Posts Tagged ‘ Living Relatives ’
Hello – my name is Ian Tester, and I’m findmypast’s product manager. I wanted to let you know about a fundamental change we’re about to make to the way findmypast.co.uk is organised, which should make it a lot easier for you to find and search the millions of new records we’re adding to the site every month.
Findmypast has grown an awful lot since we last designed the way the records are organised. We’ve added millions of records that don’t fit into the main categories of births, marriages and deaths/census/military/migration/living relatives and, at the moment, they are often either being wedged into a section where they don’t really fit, or being put into specialist records.
This doesn’t make it easy for you to discover and use some of the fantastic historical records that are regularly being provided by our record partners. You’ve probably also noticed that we’ve significantly upped the rate at which we put new records online – and the number of records we are adding each year is increasing all the time.
So the site is already beginning to burst at the seams and there are lots of very exciting new collections on the way that deserve new sections to accommodate them. We’ve spent several months working with our members to find a set of categories that will allow us to make room for the new records and make better sense of the records that are already online. Many thanks to the hundreds of you who have taken the time to complete surveys and participate in research sessions to help get us to this point!
The result of all this hard work is that in the next month, you’ll begin to see some changes to the site. The first one is that the main record categories across the blue navigation bar at the top of the site will all come under a single new category: “Search records”. Within this category, you’ll be able to choose from a range of sub-categories of records, just as you can now. The new sub-categories are very similar to the current ones in many cases, but you’ll notice a few new ones as well.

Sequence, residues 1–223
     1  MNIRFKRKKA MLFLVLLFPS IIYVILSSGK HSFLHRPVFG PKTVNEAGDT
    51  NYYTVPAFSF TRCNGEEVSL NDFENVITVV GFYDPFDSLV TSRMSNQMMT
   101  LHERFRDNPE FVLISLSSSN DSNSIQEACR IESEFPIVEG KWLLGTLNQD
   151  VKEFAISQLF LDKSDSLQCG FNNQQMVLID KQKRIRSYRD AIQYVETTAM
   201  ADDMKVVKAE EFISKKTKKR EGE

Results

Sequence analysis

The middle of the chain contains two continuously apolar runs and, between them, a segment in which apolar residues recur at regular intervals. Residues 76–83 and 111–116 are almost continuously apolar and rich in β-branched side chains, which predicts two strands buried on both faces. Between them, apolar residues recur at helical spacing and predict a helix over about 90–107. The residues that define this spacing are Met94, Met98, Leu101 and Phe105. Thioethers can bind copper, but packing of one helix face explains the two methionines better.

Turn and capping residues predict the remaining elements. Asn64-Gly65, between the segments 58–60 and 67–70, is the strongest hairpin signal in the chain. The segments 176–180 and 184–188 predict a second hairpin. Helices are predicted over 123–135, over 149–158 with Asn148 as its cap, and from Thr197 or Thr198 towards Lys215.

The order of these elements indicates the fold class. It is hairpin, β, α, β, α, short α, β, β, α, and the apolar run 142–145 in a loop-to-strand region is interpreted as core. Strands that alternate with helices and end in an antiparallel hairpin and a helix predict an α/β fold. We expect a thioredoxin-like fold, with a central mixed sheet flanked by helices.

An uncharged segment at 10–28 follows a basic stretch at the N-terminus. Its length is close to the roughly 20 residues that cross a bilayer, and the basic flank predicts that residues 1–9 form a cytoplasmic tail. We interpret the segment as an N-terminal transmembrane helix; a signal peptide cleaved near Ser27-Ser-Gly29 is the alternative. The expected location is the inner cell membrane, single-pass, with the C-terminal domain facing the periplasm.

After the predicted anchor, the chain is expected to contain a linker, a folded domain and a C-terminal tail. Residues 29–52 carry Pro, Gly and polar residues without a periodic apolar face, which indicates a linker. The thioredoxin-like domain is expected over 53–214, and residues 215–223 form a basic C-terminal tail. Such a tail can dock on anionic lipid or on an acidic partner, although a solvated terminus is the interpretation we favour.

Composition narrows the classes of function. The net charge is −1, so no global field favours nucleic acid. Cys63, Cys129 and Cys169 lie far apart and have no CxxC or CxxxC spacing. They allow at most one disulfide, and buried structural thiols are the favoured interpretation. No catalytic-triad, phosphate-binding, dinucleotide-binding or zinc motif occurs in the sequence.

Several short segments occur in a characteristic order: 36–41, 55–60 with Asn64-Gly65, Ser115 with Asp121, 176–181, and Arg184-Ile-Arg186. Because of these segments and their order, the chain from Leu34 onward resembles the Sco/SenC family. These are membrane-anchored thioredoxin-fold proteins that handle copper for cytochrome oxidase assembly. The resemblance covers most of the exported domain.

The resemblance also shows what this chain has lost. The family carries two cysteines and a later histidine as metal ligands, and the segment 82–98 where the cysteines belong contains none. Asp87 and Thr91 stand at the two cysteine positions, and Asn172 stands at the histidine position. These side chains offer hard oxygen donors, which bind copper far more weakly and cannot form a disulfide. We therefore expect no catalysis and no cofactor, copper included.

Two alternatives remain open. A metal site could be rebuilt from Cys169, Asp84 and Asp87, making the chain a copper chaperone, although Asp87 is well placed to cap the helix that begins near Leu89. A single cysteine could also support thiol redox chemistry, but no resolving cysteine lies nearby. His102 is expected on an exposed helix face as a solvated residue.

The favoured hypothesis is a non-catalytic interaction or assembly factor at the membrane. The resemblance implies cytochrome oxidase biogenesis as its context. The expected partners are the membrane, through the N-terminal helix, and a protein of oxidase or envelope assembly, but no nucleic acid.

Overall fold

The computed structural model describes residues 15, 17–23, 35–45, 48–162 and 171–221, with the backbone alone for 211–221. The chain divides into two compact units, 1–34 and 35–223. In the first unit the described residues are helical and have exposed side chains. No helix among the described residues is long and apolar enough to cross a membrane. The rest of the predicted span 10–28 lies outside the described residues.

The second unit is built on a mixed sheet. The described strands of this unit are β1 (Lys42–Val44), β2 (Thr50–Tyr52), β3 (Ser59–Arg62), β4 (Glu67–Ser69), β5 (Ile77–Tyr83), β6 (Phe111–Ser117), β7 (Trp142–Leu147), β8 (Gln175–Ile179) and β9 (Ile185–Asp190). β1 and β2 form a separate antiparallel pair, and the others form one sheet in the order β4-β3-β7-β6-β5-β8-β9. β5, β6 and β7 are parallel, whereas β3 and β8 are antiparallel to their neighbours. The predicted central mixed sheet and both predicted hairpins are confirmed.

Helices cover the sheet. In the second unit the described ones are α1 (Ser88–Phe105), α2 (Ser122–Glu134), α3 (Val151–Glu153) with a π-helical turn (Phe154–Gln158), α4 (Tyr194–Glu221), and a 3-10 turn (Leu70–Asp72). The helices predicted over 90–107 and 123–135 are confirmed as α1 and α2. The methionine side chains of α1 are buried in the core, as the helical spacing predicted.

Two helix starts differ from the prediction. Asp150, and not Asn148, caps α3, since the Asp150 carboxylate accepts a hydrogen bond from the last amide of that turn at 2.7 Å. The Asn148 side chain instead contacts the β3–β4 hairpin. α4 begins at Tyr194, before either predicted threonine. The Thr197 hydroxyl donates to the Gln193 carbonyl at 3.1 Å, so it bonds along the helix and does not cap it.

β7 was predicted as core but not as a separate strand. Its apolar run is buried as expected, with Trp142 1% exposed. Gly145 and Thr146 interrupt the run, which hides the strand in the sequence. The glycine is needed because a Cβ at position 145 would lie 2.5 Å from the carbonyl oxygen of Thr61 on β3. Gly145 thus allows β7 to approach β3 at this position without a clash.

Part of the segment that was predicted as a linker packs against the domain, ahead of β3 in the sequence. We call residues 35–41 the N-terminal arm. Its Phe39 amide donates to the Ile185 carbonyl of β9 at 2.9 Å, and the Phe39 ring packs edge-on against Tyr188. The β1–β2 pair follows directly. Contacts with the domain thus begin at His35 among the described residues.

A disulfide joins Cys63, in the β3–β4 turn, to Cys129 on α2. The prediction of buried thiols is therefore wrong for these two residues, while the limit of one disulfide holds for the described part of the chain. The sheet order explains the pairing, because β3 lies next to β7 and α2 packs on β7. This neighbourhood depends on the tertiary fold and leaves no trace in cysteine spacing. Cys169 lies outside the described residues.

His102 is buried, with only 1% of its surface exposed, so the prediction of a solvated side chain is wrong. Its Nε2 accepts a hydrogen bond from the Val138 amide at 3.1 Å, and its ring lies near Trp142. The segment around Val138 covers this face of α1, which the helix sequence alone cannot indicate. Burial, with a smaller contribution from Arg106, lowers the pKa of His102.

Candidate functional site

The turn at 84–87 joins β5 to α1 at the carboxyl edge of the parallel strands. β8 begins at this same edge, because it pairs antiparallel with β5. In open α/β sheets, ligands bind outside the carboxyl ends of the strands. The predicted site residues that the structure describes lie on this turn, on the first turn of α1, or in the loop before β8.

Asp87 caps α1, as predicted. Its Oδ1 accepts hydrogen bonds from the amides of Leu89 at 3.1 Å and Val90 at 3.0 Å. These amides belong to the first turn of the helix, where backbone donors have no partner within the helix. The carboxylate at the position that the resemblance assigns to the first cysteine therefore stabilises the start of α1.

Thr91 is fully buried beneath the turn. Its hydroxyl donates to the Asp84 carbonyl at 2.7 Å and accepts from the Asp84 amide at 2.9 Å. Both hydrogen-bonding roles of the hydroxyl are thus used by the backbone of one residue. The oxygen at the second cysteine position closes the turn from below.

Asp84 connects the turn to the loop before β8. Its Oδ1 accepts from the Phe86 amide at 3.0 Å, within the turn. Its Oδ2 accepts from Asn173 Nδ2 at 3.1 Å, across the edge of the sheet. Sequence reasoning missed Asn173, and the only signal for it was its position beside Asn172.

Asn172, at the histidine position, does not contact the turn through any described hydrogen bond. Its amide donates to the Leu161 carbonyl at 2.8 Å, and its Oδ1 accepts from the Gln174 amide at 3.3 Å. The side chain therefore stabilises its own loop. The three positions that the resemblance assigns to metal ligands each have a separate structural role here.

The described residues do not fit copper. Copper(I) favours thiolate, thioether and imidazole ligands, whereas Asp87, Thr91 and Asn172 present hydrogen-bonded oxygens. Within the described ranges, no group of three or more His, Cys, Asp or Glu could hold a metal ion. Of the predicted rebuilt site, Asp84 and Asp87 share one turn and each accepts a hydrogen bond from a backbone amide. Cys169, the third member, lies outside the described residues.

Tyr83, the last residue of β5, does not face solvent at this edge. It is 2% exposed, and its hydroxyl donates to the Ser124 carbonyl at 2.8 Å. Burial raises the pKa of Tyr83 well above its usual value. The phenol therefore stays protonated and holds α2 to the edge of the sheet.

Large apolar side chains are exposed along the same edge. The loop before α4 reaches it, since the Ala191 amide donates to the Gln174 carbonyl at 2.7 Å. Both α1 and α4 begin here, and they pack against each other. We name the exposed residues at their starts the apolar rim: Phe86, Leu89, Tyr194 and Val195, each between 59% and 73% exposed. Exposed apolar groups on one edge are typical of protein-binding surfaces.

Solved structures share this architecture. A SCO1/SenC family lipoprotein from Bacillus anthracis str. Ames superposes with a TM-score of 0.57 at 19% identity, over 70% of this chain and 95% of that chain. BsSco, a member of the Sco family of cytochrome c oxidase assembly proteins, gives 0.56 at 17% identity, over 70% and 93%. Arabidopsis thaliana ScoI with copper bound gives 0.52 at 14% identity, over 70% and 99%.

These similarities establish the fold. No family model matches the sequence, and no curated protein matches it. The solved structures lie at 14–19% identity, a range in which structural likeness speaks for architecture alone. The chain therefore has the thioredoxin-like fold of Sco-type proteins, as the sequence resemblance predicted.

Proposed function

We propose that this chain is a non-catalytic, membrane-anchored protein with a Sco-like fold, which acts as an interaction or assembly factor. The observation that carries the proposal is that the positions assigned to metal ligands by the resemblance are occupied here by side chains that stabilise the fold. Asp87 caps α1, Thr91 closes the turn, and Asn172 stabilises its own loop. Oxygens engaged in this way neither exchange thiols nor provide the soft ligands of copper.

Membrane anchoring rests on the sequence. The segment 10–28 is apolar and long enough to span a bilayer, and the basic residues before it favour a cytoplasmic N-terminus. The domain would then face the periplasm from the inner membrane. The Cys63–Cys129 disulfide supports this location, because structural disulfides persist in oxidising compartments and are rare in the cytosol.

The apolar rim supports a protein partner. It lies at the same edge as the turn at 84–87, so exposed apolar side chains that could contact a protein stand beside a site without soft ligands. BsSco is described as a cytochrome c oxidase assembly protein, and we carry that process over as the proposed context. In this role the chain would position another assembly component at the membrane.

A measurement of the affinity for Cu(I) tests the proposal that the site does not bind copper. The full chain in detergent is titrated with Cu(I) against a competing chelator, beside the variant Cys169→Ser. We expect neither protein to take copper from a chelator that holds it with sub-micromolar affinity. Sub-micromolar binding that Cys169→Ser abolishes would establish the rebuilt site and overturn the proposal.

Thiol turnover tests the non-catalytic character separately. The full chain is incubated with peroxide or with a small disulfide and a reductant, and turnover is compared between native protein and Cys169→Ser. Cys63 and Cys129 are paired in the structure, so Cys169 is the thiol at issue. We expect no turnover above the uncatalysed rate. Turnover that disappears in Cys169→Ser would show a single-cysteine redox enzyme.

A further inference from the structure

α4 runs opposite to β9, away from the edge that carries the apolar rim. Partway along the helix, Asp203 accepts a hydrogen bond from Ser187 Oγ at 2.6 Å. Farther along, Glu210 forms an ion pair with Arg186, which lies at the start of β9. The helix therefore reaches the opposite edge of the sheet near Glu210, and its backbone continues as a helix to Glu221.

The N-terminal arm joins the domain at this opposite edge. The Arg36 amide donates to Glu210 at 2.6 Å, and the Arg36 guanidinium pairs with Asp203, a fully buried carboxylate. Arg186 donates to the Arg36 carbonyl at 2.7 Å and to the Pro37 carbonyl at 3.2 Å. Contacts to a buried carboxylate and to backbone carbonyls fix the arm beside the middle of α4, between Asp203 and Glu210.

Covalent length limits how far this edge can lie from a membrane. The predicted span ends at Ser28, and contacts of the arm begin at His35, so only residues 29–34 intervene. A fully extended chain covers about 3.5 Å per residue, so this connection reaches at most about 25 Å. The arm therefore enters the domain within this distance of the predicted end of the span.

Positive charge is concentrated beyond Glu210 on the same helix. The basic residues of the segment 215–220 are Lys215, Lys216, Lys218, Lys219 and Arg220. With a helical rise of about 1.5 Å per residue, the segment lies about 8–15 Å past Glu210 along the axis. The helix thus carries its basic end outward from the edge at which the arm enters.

- Life events (births, marriages and deaths) – this will be very similar to the current BMD section and will continue to contain our millions of parish records
- Census, land & surveys – as well as our best-in-class England & Wales censuses (including our complete 1911 census), this will include fabulous new records, including historical electoral rolls
- Armed forces & conflict – our comprehensive military collections will live here
- Education & work – with fantastic school and merchant marine records on the way, we need a new sub-category. You’ll also find some gems currently buried in the specialist section
- Institutions & organisations – covering workhouses, hospitals and more, you’ll also find some fabulous new court records in future, as well as records that are sprinkled across other sections at the moment
- Travel & migration – is very similar to our current migration section, but has some lovely new international records on the way
- Living relatives & directories – this will give us room to expand the directories that we hold, way beyond the current living relatives directories
These new sections are designed to be as futureproof as possible, so you’ll also notice a few more new sub-categories appear over time as new records come online. A fringe benefit of creating more space on the blue navigation bar at the top of the site is that we’re making room for some very exciting new tools, including what we hope will be one of the best “saved records” tools available.